Instructions for Contributors

Articles (of c. 4-6000 words) and shorter ‘Notes’ and ‘Queries’ should be submitted electronically to the appropriate editor: Mark Forrest (M.P.Forrest@dorsetcc.gov.uk) for material relating to Dorset, or Adrian Webb (aj.webb@virgin.net) for material relating to Somerset.

STYLE SHEET FOR CONTRIBUTIONS TO SDNQ

 Contributions to SDNQ should be referenced, however some very short notes or queries may not need references as long as it is clear in the text what sources are quoted. If you are in doubt about this please contact the editor. References must be used when you use a source in your article. This can be either:

  • an author’s name
  • when you use a direct quotation or statistical information
  • when you refer to, or put forward, someone else’s idea(s)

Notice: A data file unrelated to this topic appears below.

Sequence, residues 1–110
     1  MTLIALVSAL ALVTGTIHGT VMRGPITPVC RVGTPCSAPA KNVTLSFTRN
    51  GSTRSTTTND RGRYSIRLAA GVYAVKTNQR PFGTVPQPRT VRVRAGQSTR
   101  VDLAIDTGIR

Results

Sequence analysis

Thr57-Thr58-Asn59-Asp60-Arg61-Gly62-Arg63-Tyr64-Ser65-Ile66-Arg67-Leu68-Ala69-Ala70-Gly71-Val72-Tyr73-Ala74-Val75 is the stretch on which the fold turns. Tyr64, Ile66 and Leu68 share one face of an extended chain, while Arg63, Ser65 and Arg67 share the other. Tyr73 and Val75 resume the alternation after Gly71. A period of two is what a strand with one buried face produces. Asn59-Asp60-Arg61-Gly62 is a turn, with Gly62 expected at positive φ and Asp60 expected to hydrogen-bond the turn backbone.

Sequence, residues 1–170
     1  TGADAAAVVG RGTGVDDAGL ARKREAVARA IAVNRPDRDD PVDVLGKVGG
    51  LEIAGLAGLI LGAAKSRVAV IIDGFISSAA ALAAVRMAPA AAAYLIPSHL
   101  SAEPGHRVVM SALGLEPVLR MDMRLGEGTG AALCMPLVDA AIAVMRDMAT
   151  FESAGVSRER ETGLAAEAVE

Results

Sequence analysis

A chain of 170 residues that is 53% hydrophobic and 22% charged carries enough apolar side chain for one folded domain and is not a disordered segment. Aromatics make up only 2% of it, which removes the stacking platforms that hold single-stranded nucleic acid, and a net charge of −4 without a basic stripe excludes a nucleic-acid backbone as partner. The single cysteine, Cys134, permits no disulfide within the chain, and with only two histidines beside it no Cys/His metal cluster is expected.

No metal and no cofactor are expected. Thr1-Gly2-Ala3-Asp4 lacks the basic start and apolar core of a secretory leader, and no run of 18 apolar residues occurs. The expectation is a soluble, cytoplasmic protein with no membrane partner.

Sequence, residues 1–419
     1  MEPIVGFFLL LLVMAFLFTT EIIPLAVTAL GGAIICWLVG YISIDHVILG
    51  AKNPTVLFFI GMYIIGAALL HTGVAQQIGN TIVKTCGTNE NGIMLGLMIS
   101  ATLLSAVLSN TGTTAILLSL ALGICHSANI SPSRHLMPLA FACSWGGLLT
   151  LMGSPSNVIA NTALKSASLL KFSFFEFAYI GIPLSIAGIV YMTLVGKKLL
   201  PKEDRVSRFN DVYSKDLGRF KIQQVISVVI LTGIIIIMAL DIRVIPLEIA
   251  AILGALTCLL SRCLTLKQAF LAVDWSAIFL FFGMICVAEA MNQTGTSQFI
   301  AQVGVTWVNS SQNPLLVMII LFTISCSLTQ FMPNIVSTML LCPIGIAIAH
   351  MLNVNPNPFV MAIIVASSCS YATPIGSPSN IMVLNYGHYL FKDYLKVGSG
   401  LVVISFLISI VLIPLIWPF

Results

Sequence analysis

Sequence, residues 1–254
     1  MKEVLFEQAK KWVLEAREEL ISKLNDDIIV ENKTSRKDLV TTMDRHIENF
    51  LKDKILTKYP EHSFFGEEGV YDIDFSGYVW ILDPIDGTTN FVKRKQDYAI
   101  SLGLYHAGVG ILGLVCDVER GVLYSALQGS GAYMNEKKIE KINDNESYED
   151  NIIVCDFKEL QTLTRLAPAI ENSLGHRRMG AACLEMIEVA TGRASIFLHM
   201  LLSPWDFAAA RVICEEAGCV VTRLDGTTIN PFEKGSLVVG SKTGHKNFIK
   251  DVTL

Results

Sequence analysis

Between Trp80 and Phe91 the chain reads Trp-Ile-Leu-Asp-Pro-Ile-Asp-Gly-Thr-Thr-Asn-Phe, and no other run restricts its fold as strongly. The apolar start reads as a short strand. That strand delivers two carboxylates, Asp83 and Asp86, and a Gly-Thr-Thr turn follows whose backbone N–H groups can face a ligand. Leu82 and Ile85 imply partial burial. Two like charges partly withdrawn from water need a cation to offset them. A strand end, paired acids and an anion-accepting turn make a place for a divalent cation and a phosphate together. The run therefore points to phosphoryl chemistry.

References should be included as endnotes. These appear as superscript numbers within the text and the full reference appears at the conclusion of the article or note. This is the preferred method in History.

1)    Example of a footnote reference to a page(s) in a book:

J. Bennett, Women in the Medieval English Countryside (1987), 52.

2)    Example of a footnote reference to a journal article:

M. Papworth, ‘Maryland, Brownsea Island’, Proceedings of the Dorset Natural History Society and Archaeological Society, vol. 129 (2008 for 2007), 127-38.

3)    Example of a reference for a paper in an edited volume:

A. Whiteman, ‘The Compton census of 1676’, in K. Schurer and T. Arkell (eds), Surveying the People (1992), 79.

4)    Example of a footnote reference to an original manuscript document:

DHC, D/BKL Kingston Lacy survey, 1606.      Or,

SRO, DD/PH26/1 Phelps to Poulett, 26 Jan 1601/2.

Second and subsequent references to a source should be abbreviated: Bennett, Women in the Medieval English Countryside, 52. Or, Papworth, ‘Maryland, Brownsea Island’, 127.

Note: Please avoid using any Latin terms such as ibid., loc. cit. or op. cit. to avoid confusion for readers.